Matlakov - Romanov (annotated by GM Elshan Moradiabadi)

[Event "Russian Higher League"] [Site "Sochi"] [Date "2017.07.06"] [Round "5"] [White "Matlakov, Maxim"] [Black "Romanov, Evgeny"] [Result "1/2-1/2"] [Annotator "GM Elshan Moradiabadi"] [SetUp "1"] [FEN "r3r1k1/pR2b1pn/3p4/2pP3q/2P1PB2/2N5/P4PQ1/3R2K1 b - - 0 28"] [PlyCount "39"] [EventDate "2017.??.??"] [EventType "swiss"] [EventCountry "RUS"] {[#]} 28... Rab8 29. Rxb8 (29. Rxe7 Rxe7 $1 30. Bxd6 Rb6 {And Matlakov may have found this too messy but Stockfish and friends think that White is just winning.} 31. Bxe7 Rg6 32. Rd3 Rxg2+ 33. Kxg2 Nf8 34. Bd6 $1 Ng6 35. Bg3 { and White's pawns are unstoppable.}) 29... Rxb8 30. Rd3 Rf8 $2 (30... Rb4 { is much better.}) 31. Rh3 Bh4 32. Be3 Rf6 33. Kh1 Rg6 34. Qf3 Rg4 35. Bf4 (35. e5 $1 Qg6 36. exd6 {would have given Matlakov excellent winning chances.}) 35... Qg6 36. Bg3 Bf6 {Now Black has enough compensation.} 37. Nb5 Rxe4 38. Nxd6 Re1+ 39. Kh2 Qb1 40. Bf4 Ng5 41. Bxg5 Be5+ 42. Bf4 Bxf4+ 43. Qxf4 Rh1+ 44. Kg3 Rg1+ 45. Kh2 Rh1+ 46. Kg3 Rg1+ 47. Kh2 (47. Kf3 {would lose to} Qd1+ 48. Ke4 (48. Ke3 Re1#) 48... Rg4) (47. Kh4 {is just mate after} Qh7+) 47... Rh1+ 1/2-1/2

Open standings after five rounds

Rk
SNo
 
Name
Rtg
Pts.
 TB 
1 15 GM Romanov Evgeny 2610 4,0 15,0
2 11 GM Volkov Sergey 2627 4,0 12,5
3 2 GM Najer Evgeniy 2706 3,5 16,0
4 1 GM Matlakov Maxim 2730 3,5 15,0
  16 GM Alekseev Evgeny 2607 3,5 15,0
6 8 GM Zvjaginsev Vadim 2649 3,5 14,5
7 12 GM Shimanov Aleksandr 2623 3,5 14,0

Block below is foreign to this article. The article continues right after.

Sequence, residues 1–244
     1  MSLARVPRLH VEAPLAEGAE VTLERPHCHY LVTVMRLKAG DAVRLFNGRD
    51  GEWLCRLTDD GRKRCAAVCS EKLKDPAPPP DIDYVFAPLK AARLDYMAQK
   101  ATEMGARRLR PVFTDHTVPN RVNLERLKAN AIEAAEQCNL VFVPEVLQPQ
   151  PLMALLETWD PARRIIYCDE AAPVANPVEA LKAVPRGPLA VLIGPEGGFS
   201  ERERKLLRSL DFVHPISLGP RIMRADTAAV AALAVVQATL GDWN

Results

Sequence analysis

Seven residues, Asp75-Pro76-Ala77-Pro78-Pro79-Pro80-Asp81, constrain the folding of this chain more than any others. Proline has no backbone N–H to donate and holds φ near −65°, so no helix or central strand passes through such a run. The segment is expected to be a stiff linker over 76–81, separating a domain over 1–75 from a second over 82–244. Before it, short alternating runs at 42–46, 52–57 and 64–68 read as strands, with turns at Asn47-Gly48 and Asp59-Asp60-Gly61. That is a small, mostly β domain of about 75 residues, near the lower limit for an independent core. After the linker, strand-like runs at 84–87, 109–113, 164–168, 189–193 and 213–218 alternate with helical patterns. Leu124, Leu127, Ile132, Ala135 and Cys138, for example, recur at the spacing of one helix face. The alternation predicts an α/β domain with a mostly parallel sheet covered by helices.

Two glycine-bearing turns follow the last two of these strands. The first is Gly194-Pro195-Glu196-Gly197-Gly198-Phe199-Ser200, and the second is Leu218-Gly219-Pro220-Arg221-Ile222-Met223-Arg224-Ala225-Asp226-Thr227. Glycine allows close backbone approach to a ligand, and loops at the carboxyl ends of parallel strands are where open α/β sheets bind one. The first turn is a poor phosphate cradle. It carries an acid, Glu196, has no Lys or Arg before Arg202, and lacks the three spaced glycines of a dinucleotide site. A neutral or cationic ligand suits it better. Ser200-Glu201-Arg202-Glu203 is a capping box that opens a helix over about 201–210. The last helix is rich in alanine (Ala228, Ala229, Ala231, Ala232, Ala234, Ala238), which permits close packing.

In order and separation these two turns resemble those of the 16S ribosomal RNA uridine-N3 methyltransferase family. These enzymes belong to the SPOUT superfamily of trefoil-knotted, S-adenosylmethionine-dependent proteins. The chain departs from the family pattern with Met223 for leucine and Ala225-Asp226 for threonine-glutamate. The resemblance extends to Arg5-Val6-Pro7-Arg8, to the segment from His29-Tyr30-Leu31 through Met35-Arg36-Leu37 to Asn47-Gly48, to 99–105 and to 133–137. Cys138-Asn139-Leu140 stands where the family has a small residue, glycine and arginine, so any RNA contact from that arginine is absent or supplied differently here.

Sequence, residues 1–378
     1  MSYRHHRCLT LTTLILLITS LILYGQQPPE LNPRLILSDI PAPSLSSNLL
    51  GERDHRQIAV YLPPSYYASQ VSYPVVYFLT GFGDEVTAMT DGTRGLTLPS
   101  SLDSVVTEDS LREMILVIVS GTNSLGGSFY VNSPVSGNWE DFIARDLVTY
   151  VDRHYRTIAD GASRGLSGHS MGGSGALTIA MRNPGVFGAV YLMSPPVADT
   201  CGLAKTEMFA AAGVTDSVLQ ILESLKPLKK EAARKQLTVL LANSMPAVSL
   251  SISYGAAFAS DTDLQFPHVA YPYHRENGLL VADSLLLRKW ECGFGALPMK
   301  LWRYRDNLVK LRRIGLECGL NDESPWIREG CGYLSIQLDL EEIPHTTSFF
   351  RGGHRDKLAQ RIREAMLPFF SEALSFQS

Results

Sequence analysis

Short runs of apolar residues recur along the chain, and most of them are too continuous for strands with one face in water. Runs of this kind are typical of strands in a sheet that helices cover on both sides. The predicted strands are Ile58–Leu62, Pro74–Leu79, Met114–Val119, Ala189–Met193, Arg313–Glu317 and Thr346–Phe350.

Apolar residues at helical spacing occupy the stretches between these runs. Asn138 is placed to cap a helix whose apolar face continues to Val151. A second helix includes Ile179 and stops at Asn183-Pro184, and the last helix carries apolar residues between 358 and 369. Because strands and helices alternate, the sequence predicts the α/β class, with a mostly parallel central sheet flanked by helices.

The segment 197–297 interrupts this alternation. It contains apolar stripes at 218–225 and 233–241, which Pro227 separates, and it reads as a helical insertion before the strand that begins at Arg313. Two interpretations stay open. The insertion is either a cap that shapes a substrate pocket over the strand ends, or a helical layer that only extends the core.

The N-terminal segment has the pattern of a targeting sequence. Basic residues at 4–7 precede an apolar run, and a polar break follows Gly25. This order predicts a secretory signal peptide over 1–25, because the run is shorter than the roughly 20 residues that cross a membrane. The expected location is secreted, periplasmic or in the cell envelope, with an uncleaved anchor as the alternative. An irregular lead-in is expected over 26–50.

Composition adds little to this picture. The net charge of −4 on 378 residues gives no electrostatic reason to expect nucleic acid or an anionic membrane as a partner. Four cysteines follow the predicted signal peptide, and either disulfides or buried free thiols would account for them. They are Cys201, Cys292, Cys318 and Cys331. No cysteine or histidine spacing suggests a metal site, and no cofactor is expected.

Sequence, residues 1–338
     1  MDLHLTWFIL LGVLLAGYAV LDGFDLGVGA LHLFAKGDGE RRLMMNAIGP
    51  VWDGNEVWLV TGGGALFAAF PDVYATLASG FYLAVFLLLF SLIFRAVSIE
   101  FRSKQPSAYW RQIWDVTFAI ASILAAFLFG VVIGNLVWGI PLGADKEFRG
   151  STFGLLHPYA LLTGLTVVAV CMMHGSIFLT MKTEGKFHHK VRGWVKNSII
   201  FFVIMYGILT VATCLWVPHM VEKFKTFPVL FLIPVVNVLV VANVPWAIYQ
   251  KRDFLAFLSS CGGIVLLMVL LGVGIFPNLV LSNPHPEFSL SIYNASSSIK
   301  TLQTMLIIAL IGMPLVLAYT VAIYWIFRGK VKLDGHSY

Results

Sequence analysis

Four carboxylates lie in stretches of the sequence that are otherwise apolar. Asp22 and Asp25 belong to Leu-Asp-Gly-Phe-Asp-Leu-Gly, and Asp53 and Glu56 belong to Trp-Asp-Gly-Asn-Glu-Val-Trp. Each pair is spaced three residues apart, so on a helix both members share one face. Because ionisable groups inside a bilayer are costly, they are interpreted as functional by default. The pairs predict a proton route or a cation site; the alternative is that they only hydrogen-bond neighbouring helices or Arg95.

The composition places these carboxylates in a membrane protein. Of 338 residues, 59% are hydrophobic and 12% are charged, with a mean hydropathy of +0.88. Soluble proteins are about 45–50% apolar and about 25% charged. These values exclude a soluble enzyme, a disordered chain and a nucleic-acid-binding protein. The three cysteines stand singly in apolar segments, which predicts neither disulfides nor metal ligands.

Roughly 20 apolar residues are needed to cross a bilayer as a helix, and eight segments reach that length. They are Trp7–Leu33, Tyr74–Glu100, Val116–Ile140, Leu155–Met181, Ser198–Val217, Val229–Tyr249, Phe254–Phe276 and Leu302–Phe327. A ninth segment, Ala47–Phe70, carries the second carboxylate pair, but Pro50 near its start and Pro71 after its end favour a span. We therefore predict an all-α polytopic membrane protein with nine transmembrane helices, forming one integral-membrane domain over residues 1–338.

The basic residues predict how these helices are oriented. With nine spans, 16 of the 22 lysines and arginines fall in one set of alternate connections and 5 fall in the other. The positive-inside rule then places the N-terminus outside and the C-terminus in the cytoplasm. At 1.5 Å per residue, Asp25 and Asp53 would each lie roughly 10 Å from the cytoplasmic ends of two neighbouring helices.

8 27 GM Levin Evgeny A. 2524 3,5 13,5
9 25 IM Moiseenko Vadim 2548 3,5 13,5
10 9 GM Dreev Aleksey 2647 3,5 13,5
11 6 GM Dubov Daniil 2658 3,5 13,0
12 7 GM Sjugirov Sanan 2649 3,5 11,0
13 18 GM Ponkratov Pavel 2603 3,0 15,5
14 4 GM Motylev Alexander 2680 3,0 15,5
  24 GM Rozum Ivan 2573 3,0 15,5
16 28 FM Esipenko Andrey 2523 3,0 14,0
17 42 FM Duzhakov Ilya 2421 3,0 13,5
18 31 IM Triapishko Alexandr 2506 3,0 13,0
19 3 GM Artemiev Vladislav 2695 3,0 13,0
20 17 GM Oparin Grigoriy 2605 3,0 13,0

Click for complete standings

In the women's section, things are a bit different. The number of draws is much smaller but most of the leaders are expected figures. However, two players should be noted in here: WIM Polina Shuvalova is leading with 4.5/5 while Bibisara Assubayeva, the sensational figure of the European Open championship, has a formidable 3.5/5 with good chances to clinch a seat in the final!

WGM Olga Girya is the top seed in the Women's event with 2502 FIDE

WIM Polina Shulova, the Russian Girls's under-21 champion, is leading the Women's section in the Russian Higher League with 4.5/5

The ever-photogenic IM Alina Kashlinskaya

13-year-old WFM Bibisara Assaubayeva together with her mother, Liana

Women's standings after five rounds

Rk.
SNo
 
Name
Rtg
Pts
 TB 
1 7 WIM Shuvalova Polina 2383 4,5 14,0
2 4 IM Nechaeva Marina 2408 4,0 16,0
3 3 IM Kashlinskaya Alina 2438 4,0 15,5
4 2 IM Galliamova Alisa 2459 3,5 15,5
5 1 WGM Girya Olga 2502 3,5 15,0
6 11 IM Vasilevich Tatjana 2365 3,5 14,5
7 6 WFM Assaubayeva Bibisara 2386 3,5 14,5
8 20 WIM Tomilova Elena 2298 3,5 14,0
9 13 IM Ovod Evgenija 2363 3,5 13,0
10 12 IM Savina Anastasia 2364 3,5 12,0
11 10 WFM Gritsayeva Oksana 2372 3,5 12,0
12 14 IM Charochkina Daria 2350 3,0 14,0
13 25 WFM Chernyak Viktoria 2251 3,0 14,0
14 18 WIM Dordzhieva Dinara 2308 3,0 13,5
15 15 WGM Belenkaya Dina 2323 3,0 13,0

Click for complete standings


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Elshan Moradiabadi is a GM born and raised in Tehran, Iran. He moved to the US in 2012. Ever since, he has been active in US college chess scenes and in US chess. is a veteran instructor and teaches chess to every level, with students ranging from beginners to IM. He can be contacted for projects or teaching.
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Johanath Johanath 7/9/2017 04:35
Thank you for the article. Just wondering if Alexander Morozevich is actually playing? Checking on the score table, he doesn't seem to be on it?